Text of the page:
Medical history, lifestyle, family history, and occupational risk factors for mantle cell lymphoma: The interlymph non-hodgkin lymphoma subtypes project

Karin E. Smedby, Joshua N. Sampson, Jennifer J. Turner, Susan L. Slager, Marc Maynadié, Eve Roman, Thomas M. Habermann, Christopher R. Flowers, Sonja I. Berndt, Paige M. Bracci, Henrik Hjalgrim, Dennis D. Weisenburger, Lindsay M. Morton

Research output: Contribution to journalArticlepeer-review

23 Scopus citations

Abstract

Background: The etiology of mantle cell lymphoma (MCL), a distinctive subtype accounting for 2%-10% of all non-Hodgkin lymphoma, is not known. Methods: We investigated associations with self-reported medical history, lifestyle, family history, and occupational risk factors in a pooled analysis of 557 patients with MCL and 13 766 controls from 13 case-control studies in Europe, North America, and Australia. Odds ratios (ORs) and 95% confidence intervals (CIs) associated with each exposure were examined using multivariate logistic regression models. Results: The median age of the MCL patients was 62 years and 76% were men. Risk of MCL was inversely associated with history of hay fever (OR = 0.63, 95% CI = 0.48 to 0.82), and the association was independent of other atopic diseases and allergies. A hematological malignancy among first-degree relatives was associated with a twofold increased risk of MCL (OR = 1.99, 95% CI = 1.39 to 2.84), which was stronger in men (OR = 2.21, 95% CI = 1.44 to 3.38) than women (OR = 1.61, 95% CI = 0.82 to 3.19). A modestly increased risk of MCL was also observed in association with ever having lived on a farm (OR = 1.40, 95% CI = 1.03 to 1.90). Unlike some other non-Hodgkin lymphoma subtypes, MCL risk was not statistically significantly associated with autoimmune disorders, tobacco smoking, alcohol intake, body mass index, or ultraviolet radiation. Conclusions: The novel observations of a possible role for atopy and allergy and farm life in risk of MCL, together with confirmatory evidence of a familial link, suggest a multifactorial etiology of immune-related environmental exposures and genetic susceptibility. These findings provide guidance for future research in MCL etiology.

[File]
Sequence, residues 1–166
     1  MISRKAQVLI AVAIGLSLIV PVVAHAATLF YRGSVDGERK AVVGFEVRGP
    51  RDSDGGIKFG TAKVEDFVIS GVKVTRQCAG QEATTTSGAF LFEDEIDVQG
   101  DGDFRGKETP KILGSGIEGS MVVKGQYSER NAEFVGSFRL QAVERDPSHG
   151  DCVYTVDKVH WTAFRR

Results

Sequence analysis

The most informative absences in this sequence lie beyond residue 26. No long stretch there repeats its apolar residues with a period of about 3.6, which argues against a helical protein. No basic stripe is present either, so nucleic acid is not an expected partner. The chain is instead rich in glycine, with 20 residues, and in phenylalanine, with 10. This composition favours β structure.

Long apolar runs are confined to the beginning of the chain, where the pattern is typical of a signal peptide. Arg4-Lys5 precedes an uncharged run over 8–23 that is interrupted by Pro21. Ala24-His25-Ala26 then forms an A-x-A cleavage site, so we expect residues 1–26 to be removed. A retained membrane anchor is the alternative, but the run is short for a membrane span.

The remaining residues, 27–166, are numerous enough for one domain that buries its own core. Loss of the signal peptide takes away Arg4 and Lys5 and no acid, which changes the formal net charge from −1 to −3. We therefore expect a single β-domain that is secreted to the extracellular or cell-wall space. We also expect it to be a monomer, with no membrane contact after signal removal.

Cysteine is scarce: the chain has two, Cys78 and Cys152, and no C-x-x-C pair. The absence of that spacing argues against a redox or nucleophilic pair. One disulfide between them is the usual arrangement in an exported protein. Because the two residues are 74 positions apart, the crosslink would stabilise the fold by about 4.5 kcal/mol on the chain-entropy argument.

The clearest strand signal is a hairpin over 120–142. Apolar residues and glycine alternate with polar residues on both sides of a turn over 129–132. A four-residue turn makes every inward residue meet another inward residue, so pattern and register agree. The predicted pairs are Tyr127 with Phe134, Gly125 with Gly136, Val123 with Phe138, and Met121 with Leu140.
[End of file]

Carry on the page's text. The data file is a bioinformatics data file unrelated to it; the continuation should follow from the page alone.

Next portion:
Original languageEnglish (US)
Pages (from-to)76-86
Number of pages11
JournalJournal of the National Cancer Institute - Monographs
Issue number48
DOIs
StatePublished - Aug 2014

ASJC Scopus subject areas

  • Oncology
  • Cancer Research

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